Habilitation Therapy (HT), a comprehensive behavioral approach to caring for people with Alzheimer’s Disease and related dementias (ADRD), is considered to be a best practice by the Alzheimer’s Association (Alzheimer’s Association, 2012). HT is best used for every interaction a person with ADRD has with their care partners, from the moment they rise until they fall asleep at night.
One of Habilitation Therapy’s primary goals is to create day-long positive emotional states for dementia patients (Alzheimer’s Association). His or her capabilities, independence and morale are thoughtfully and ongoingly engaged to produce a state of psychological well-being.
Why such an enormous focus on emotions? Given all the many deteriorating capabilities of dementia, why not instead focus on helping memory, reasoning, language, and other functionality that adults need in order to cope in the world?
It’s vital to remember that Habilitation Therapy is not Rehabilitation Therapy. Rehabilitation returns people to earlier, higher levels of functioning; such recovery simply is not possible with ADRD. Habilitation helps dementia patients use what functioning they still have at a more optimized level.
So, what do dementia patients have left, especially as their disease progresses? The ability to experience and maintain emotions, as well as to accurately perceive others’ emotions, remains intact right up until nearly the end. They can also consistently associate positive or negative emotional states with certain people, places or things.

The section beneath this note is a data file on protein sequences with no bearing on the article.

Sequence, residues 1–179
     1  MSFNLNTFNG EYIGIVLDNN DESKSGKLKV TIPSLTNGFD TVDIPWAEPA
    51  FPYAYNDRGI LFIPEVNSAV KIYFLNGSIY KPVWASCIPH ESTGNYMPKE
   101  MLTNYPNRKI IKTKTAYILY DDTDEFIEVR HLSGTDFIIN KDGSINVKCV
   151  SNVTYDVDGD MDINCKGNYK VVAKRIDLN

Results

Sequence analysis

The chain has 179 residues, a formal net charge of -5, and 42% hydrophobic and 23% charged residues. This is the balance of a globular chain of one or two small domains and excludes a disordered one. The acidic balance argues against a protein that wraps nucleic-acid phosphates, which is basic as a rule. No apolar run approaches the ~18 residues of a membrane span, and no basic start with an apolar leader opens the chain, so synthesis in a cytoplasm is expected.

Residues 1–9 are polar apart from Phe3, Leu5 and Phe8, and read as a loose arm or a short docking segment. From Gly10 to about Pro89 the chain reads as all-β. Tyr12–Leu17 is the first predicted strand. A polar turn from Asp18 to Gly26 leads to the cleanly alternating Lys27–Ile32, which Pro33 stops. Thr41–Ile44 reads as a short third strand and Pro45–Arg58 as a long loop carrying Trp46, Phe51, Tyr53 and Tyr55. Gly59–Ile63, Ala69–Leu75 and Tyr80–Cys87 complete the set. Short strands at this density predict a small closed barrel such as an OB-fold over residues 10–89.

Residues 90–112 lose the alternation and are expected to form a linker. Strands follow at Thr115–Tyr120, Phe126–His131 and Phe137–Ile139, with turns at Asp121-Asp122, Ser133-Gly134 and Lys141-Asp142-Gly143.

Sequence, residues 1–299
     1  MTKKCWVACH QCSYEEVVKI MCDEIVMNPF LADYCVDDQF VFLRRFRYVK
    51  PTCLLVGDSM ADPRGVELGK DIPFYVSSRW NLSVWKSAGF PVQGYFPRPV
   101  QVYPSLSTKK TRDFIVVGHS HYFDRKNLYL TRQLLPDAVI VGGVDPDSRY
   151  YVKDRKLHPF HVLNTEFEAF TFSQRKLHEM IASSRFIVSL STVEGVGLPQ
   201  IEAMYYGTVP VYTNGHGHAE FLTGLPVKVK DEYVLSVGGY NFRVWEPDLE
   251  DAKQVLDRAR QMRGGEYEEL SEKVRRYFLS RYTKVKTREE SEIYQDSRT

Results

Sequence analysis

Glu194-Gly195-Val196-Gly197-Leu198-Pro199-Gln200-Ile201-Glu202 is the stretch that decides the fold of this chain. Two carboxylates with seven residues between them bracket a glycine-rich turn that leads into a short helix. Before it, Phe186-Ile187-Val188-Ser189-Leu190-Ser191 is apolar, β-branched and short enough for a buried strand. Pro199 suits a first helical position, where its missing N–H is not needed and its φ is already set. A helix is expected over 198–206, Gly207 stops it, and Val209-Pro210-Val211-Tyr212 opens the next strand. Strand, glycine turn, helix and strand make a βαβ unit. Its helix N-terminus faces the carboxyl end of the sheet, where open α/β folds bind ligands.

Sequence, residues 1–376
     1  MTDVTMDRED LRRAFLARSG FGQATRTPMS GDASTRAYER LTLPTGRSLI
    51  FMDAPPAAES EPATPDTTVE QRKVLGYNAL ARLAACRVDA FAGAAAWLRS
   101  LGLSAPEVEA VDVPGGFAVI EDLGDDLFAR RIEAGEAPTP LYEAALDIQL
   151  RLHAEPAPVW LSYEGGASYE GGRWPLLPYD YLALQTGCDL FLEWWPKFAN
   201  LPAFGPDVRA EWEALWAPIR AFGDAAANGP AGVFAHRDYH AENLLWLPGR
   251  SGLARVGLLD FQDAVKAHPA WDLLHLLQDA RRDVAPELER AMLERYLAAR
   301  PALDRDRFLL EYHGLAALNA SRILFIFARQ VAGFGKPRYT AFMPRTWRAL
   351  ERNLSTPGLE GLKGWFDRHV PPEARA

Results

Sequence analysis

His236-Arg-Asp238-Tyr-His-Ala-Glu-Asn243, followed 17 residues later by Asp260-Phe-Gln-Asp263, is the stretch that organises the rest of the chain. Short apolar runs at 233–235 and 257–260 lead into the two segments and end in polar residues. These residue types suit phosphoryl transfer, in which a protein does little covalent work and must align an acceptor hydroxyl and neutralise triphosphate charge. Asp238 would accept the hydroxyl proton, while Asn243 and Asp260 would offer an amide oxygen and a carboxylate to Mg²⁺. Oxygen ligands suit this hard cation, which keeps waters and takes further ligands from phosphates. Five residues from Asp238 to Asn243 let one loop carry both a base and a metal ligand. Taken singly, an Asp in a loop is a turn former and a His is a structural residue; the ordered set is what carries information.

Since HT works only with functionality that is still present, the emotional world is the strongest channel through which to impact a dementia patient. Taking the time to consistently create positive emotional states can reduce difficult behaviors, allow enjoyment – or at least better toleration – of care tasks. In this way, Habilitation Therapy can trigger states of calm, happiness, pleasure and self-esteem.
While it may be difficult or impossible for a person with dementia to understand a broader context for what triggers their feelings, they will consistently know that it feels bad to be scared, and good to laugh. They can also retain a feeling over time, though they may not recall what that feeling was originally about. In this way, a positive feeling can persist and help set the stage for “a good day.” The converse is also true; a negative feeling can be the precursor to “a bad day.”
Trying hard to figure their way through an increasingly bewildering world, people with dementia often become amazingly good at reading and responding to others’ emotional states. Care partners’ body language, facial expressions, and tone of voice add up to a strong message clearly received — often despite what is said in words. This is especially true as the patient’s spoken language capabilities deteriorate. Presented with subtle indications that something is positive, the dementia patient’s emotional radar tells them all is well. If they pick up something that says the contrary, they can become quite upset, though having no clue about what is actually going on.